A People With No Word For Love

by Sheri Schofield

Nine hours south of El Paso, Texas is a canyon deeper and larger than our Grand Canyon. It is called the Copper Canyon. Tourists take train rides around it and marvel at the native runners who race the trains. They are the Tarahumara, the world’s greatest long-distance runners.

Twelve years ago, I traveled south to work among them for a few days. The man who took us there, Tomas Bencomo, was a pastor in Juarez, Mexico. One day the government of Mexico had sent out a plea to the people: “Please help the native tribes, or they will become extinct within ten years.”

Tomas had driven down to the canyon. He looked out over the vast gorge three thousand feet below and wondered, “If my son were lost down there in those gorges, would I not do everything I could to find him? I would do anything, search through every branch of the canyon, for as long as it took! The Tarahumara are lost from God. He loves them and is searching for them. I will do all that I can to find them and bring them to God.”

At first, he took a team from his church to the canyon, plus some mules. They loaded the mules with food and began the dangerous trip into the canyon, walking on eyebrow trails down the sheer cliffs. One mule didn’t make it. He fell into the depths.

After several hours, the team reached the bottom of the canyon. Tomas called to the Tarahumara, who were in hiding. But none came out to meet him. So the team unloaded the mules and left the food before heading back up the dangerous cliffs.

Gradually, the Tarahumara came to trust Tomas. They took the food back to the caves in which they lived. They didn’t trust outsiders, for they had been tricked before. But as time passed, they learned to trust Tomas and his teams.

On one trip, Tomas saw the skeleton of a child alongside the trail. When he reached the bottom of the canyon, he mentioned it to a native man, who knew some Spanish. The man shook his head and said, “The mountains are covered with the bones of children.”

Each year, there was a starving time among the Tarahumara when the food ran low. The parents had to choose which children to feed. The others died. They had no other option. There wasn’t enough food. The mortality rate among the children was 50%.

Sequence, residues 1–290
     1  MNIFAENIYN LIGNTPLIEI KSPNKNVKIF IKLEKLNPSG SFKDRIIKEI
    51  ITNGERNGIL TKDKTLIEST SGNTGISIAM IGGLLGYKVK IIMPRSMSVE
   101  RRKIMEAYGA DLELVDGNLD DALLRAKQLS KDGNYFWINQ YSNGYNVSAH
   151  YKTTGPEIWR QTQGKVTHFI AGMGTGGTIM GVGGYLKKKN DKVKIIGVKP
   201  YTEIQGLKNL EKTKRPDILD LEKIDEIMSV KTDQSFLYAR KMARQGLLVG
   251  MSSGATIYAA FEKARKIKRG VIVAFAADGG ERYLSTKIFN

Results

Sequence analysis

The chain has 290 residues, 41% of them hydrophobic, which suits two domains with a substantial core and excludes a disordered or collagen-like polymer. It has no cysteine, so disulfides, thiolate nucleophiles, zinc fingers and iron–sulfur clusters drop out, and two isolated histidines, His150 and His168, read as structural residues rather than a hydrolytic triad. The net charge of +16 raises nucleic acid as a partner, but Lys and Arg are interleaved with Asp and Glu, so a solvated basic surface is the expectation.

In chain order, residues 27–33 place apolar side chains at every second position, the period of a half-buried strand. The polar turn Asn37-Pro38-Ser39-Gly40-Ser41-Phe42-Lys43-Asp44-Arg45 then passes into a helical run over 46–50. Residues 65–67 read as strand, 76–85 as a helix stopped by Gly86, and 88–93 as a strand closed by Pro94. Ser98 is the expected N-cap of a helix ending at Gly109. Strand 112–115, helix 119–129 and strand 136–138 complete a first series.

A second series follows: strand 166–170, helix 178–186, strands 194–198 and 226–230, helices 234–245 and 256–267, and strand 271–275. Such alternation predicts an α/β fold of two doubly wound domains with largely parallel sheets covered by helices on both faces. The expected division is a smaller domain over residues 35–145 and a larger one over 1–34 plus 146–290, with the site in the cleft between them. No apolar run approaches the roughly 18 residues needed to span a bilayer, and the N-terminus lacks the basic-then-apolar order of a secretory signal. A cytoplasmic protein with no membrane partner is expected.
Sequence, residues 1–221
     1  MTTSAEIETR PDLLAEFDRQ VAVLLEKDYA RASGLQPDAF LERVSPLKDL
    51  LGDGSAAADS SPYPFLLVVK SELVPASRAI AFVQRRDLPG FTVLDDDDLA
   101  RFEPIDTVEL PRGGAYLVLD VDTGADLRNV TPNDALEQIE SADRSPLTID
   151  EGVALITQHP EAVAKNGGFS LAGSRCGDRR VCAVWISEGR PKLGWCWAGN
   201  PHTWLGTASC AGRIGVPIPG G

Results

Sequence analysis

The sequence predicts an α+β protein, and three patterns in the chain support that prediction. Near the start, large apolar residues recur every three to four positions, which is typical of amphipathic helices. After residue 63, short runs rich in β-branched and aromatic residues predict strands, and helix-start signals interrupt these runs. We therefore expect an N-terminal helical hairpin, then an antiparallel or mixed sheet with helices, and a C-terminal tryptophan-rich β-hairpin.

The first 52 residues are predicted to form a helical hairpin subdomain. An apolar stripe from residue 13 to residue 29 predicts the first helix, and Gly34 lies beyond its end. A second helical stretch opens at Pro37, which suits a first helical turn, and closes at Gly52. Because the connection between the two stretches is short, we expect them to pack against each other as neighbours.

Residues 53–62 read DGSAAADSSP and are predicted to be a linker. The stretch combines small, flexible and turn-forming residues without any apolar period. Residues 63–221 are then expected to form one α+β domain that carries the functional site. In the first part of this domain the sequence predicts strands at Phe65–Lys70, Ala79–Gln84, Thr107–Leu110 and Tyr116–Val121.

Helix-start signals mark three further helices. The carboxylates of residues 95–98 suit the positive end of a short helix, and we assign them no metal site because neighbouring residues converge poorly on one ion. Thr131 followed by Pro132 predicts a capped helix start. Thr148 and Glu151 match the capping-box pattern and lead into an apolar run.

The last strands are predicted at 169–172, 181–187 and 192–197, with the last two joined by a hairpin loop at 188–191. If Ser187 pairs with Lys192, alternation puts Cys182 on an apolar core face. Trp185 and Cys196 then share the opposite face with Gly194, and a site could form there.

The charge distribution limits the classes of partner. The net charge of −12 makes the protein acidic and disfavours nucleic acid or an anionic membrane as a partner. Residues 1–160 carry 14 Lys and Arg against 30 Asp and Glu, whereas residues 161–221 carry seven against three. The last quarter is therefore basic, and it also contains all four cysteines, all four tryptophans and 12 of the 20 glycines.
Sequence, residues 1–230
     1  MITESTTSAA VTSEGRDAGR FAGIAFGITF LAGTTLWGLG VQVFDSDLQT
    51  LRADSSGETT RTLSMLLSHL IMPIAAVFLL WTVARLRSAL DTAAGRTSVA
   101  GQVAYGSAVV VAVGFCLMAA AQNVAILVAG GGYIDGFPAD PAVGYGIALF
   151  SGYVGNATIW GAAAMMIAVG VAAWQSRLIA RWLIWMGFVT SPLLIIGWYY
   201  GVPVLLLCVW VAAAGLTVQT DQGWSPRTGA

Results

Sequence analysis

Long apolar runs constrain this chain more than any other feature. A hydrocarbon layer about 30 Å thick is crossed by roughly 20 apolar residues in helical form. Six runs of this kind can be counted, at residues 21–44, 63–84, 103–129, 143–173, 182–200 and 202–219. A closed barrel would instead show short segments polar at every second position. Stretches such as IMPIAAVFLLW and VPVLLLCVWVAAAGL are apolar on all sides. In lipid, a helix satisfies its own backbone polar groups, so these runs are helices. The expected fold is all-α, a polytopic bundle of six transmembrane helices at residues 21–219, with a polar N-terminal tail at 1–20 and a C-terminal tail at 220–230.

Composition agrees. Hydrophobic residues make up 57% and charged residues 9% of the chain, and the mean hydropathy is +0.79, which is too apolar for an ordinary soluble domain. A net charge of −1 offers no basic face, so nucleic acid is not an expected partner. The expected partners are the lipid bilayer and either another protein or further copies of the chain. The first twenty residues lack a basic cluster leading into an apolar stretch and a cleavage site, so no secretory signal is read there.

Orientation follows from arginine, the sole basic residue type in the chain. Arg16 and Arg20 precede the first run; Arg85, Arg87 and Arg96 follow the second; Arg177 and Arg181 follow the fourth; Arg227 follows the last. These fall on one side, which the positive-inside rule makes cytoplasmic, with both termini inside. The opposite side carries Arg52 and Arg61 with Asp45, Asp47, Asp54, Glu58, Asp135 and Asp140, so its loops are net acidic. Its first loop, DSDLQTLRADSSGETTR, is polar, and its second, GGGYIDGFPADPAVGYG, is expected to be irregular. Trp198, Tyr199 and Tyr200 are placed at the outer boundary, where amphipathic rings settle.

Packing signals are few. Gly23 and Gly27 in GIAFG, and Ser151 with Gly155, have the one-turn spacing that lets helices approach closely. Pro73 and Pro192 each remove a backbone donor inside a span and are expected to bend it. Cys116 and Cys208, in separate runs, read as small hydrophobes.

There was no word in their language for “love.” But they felt the pain of loss in what they called the Valley of Death.

With so many orphaned, starving and abandoned children in the canyon, Tomas decided to build a boarding school for them. Canadian and American churches helped, hauling the materials down those dangerous cliffs on their backs and on mules. Once the school was built, Tomas asked for volunteers to oversee the work there.

A twenty-two year old woman named Sandra went into the canyon to serve. Tomas supplied food, and Sandra and a native helper prepared it. They had thirty-six children the first year. They have over a hundred children now, and the Mexican government sends teachers.

Many of the Tarahumara children are named “Tomas” or “Sandra,” for the two leaders who have become precious to the natives. Those two have made it possible for the Tarahumara to survive during the starving times without losing their children. They have demonstrated God’s love. The gospel has swept through the canyon, transforming lives because of that love.

This is love: not that we loved God, but that he loved us and sent his Son as an atoning sacrifice for our sins. Dear friends, since God so loved us, we also ought to love one another. John 4:10-11 NIV

This article is brought to you by the Advanced Writers and Speakers Association (AWSA).

sheri schofield

About the author: Sheri Schofield is an award-winning children’s author-illustrator and children’s ministry veteran of 40 years. Sheri was named Writer of the Year in 2018 at the Colorado Christian Writers’ Conference for her work in effectively sharing the gospel of Jesus. Her ministry, Faithwind 4 Kids, can be followed on her blog at her website, http://www.sherischofield.com. Questions welcomed!

FREE CHILDREN’S PROGRAM! Author/Children’s Bible teacher, Sheri Schofield, offers a free series of video lessons about Jesus and His salvation—for children ages 4 and up. It is available at her website www.sherischofield.com. In this video series, Walk-The-Talk Island, Sheri presents her award-winning book The Prince and the Plan, in 24 video lessons for your children, grandchildren and any others with whom you wish to share. In addition, Campfire provides devotions for children.

Join the Conversation: Have you ever won someone over to Jesus with love?

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8 thoughts on “A People With No Word For Love

  1. What could have been a legacy of heartbreak became a testimony of true love! Thanks for sharing this, Sheri.

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    1. Hi Terri. Thank you for all your supportive comments! I appreciate you. The story of the Tarahumara in the Copper Canyon is even more dramatic than what I was able to share. God has done an amazing work through the Mexican Christians in reaching these poor people for Jesus.

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    1. There is so much more to this story! But I was only able to share a part of it. Sandra and Tomas have done an amazing work among the Tarahumara. Thanks for your encouragement, Christina.

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  2. I’m glad it inspired you! The ministry Tomas and Sandra are doing among the Tarahumara is all done by faith. There are some amazing stories of how God provided when there was no money to buy food for the children, and how He delivered many from the lifestyle in the canyon. But I can only share part of it.

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